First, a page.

Investors encouraged to monitor enterprise-wide pay practices rather than just executive compensation.
One of the more obvious indicators for investors looking to ensure a company is truly engaged with the S element of ESG is the level of trade union engagement, said Luke Hildyard, Director of UK think tank High Pay Centre.
Speaking at the inaugural ESG Conference of the Pension and Lifetime Savings Association, Hildyard said, “If a company engages with trade unions, it guarantees standards and accountability for that company over their working practices and also ensures that the company is less likely to become involved in major regulatory or legislative problems related to employment.”
Investor engagement with companies on social issues is much more advanced elsewhere in Europe, he noted. One area on which investors could focus more attention is pay practices across the entire company, taking note of not only executive pay but also median pay rates and the lowest quartile. A “significant minority” of investors are now voting against “egregious” pay awards to directors, particularly those that availed themselves of the UK Government’s pandemic support schemes.
“The Covid-19 pandemic brought to light issues that have been around for some time,” he said, noting the levels of economic inequality in the UK (only Bulgaria has a worse record among other European countries). Moreover, 50% of households in poverty have at least one family member in work.
During the pandemic, the jobs with the highest health risk were also those that were generally the lowest paid. “The awareness of the difficult working lives many people have was heightened during the pandemic. There is a sense in the investment community that we need to do something to address that,” Hildyard said.
Building back better
The investment community has a role to play in the heavily promoted ‘build back better’ approach, he added. By monitoring how companies adhere to this philosophy, investors can help to create a “happier, more prosperous company with better outcomes for everyone”. Ultimately, investors and beneficiaries will benefit from improved productivity that a focus on workforce and relates social can bring.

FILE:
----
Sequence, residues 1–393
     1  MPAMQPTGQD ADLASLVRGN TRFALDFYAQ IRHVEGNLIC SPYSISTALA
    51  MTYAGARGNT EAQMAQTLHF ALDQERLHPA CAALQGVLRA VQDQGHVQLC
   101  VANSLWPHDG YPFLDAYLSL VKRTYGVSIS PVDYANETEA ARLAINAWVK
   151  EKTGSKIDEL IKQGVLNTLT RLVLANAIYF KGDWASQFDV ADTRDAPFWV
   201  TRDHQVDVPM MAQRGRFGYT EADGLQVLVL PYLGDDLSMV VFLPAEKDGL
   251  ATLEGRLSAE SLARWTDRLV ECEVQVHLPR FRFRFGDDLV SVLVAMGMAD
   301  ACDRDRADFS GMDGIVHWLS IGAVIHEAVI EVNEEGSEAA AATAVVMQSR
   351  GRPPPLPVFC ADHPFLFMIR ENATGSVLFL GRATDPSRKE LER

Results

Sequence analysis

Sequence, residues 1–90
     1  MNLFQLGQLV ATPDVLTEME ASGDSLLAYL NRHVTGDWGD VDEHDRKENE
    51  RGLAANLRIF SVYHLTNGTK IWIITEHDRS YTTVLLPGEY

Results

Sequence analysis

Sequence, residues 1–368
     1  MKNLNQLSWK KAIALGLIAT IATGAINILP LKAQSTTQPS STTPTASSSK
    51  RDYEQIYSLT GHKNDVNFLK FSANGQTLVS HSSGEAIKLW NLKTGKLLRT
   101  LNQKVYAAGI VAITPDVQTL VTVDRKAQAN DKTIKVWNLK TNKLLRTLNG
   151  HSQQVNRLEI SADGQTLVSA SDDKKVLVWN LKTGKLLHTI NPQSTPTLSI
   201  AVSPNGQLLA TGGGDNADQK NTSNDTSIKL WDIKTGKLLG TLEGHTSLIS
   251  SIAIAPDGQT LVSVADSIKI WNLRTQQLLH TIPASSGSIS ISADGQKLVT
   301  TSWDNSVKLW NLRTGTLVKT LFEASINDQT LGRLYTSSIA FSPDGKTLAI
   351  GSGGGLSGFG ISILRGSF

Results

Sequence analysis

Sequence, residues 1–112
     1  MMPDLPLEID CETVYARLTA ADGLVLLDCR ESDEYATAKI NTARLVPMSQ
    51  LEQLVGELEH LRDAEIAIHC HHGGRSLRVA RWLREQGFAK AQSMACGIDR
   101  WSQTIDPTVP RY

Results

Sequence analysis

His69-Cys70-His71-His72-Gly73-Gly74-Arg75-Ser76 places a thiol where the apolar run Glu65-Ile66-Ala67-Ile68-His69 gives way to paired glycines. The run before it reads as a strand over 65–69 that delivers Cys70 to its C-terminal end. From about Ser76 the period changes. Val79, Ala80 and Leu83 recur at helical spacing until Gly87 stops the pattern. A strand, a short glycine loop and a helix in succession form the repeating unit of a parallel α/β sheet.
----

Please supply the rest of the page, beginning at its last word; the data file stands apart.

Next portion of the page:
Scarlett Brown, Policy Consultant for Corporate Governance and Responsible Business at the UK’s Chartered Institute of Professional Development, said investors are becoming more aware of the importance of the health and wellbeing of companies’ employees. In the pandemic, this has become closely related to whether companies enable their employees to work from home if appropriate. Enabling home working involved trust in those employees on the part of a company.
Those organisations that already had a “bank of trust” with employees and good corporate cultures were able to survive, and in some cases thrive, during the pandemic, she said. Such organisations empowered managers and front-line staff. One bank devolved more power to branch managers during the pandemic, for example.
“I think we will see more of the good practices that emerged during the pandemic as businesses address the idea of building back better in a way that does not leave people behind,” she said.
Brown raised the issue of the accuracy of reporting ESG risks, noting that standards for governance reporting were highly structured, environmental reporting frameworks were developing, but social risks were the “poor relation”. The Institute is addressing this through a study with the High Pay Centre and others to develop a framework for reporting.
Investors expect to see an increase in engagement with companies on social issues in the coming 12 months, according to a poll conducted during the session. Eighty-six per cent of those attending said engagement would increase, although the audience was more divided on whether trustees were currently discussing the S in ESG more than 12 months ago – 38% said yes, 33% no and 29% did not know.